Now this is one crazy-looking planet in outer space.
The Curious Case of the Helium-Inflated Exoplanet
Astronomers have uncovered one of the most peculiar alien worlds yet: a Neptune-sized exoplanet with an atmosphere filled with helium. Located approximately 124 light-years away from Earth in the constellation of Cygnus, this distant planet, dubbed HAT-P-11b, has an odd balloon-like shape due to its helium-rich atmosphere.
Helium Leakage: A Cosmic Phenomenon
The international team of astronomers, led by the University of Geneva, found that helium is leaking from the planet’s atmosphere, similar to how a helium balloon might escape from a person’s hand. Dr. Jessica Spake, from the University of Exeter’s physics and astronomy department, expressed her excitement over the discovery, as helium had only been detected in exoplanet atmospheres for the first time earlier this year.
Dr. Spake explains that the observations show helium being blasted away from the planet by radiation from its host star. She hopes that this new study can help scientists learn more about what types of planets have large envelopes of hydrogen and helium and how long they can retain these gases in their atmospheres.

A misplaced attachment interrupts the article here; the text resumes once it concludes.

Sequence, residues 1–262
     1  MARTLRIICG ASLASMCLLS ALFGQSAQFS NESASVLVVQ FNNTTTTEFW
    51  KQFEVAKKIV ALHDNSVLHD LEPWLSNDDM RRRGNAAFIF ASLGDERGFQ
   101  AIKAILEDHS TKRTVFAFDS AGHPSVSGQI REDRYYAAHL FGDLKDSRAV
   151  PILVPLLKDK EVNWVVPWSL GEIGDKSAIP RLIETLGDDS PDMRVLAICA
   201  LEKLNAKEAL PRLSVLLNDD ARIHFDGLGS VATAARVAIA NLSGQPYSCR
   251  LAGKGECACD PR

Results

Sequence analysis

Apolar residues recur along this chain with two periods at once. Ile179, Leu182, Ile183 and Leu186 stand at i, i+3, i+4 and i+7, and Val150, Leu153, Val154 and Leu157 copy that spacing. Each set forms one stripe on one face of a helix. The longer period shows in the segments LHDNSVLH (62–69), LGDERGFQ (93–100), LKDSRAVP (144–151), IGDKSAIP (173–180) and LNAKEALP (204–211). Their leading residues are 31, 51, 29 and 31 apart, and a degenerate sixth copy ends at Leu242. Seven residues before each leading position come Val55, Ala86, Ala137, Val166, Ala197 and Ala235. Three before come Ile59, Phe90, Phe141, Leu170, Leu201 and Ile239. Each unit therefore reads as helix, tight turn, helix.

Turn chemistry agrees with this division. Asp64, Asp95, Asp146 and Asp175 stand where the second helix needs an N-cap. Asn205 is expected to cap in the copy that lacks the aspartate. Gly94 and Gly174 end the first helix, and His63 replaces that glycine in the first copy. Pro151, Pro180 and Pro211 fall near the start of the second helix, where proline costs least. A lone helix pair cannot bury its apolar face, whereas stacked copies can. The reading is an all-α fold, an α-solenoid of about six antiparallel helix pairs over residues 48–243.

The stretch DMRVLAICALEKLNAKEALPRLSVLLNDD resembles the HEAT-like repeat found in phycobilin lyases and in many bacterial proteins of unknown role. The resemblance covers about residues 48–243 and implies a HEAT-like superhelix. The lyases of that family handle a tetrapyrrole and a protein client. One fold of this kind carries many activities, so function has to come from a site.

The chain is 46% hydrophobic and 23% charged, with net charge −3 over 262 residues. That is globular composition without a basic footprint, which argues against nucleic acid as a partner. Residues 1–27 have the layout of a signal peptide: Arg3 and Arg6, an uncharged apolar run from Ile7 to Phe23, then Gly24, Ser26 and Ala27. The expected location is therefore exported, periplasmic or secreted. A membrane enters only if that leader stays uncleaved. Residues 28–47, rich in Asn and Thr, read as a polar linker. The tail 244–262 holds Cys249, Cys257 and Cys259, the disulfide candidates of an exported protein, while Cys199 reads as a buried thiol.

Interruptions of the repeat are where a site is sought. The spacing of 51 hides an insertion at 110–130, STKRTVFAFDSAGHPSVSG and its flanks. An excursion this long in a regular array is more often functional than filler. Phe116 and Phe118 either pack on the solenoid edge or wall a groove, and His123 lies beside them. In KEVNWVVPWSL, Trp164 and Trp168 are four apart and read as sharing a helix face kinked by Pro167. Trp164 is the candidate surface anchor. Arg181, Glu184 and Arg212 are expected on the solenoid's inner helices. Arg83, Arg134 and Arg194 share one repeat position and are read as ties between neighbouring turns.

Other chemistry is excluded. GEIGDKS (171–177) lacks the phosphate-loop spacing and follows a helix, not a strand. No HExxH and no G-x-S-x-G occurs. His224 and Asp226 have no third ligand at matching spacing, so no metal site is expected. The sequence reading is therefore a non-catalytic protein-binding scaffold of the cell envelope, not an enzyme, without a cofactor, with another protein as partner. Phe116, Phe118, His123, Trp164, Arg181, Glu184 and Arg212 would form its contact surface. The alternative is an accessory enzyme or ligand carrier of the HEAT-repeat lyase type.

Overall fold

Studying the Helium Cloud with Advanced Techniques
To investigate HAT-P-11b, astronomers utilized a spectrograph in Spain, enabling them to measure how much light the planet blocks from its host star as it passes in front of it. By breaking down the star’s light into component colors, like a rainbow, and considering helium’s absorption of light at a specific wavelength, they were able to detect a large cloud of gas surrounding the planet that blocked more light than the planet itself.
Computer simulations were employed to track the helium atoms’ trajectory. Vincent Bourrier, who led the simulation, explains that helium is blown away from the planet’s dayside to its night side at over 10,000 kph. As a light gas, helium easily escapes the planet’s gravitational pull, forming an extended cloud around it.
Implications of the Balloon-like Exoplanet
Romain Allart, a Ph.D. student at the University of Geneva and the study’s first author, suggests that the exoplanet’s close proximity to its host star impacts its atmosphere. The new observations are so precise that it’s undeniable that the exoplanet’s atmosphere is inflated by stellar radiation and escapes into space.
This intriguing discovery of the helium balloon planet expands our understanding of the diversity of exoplanets and their atmospheres. As researchers continue to explore the vastness of the cosmos, the detection of unique worlds like HAT-P-11b highlights the boundless possibilities of what lies beyond our own solar system.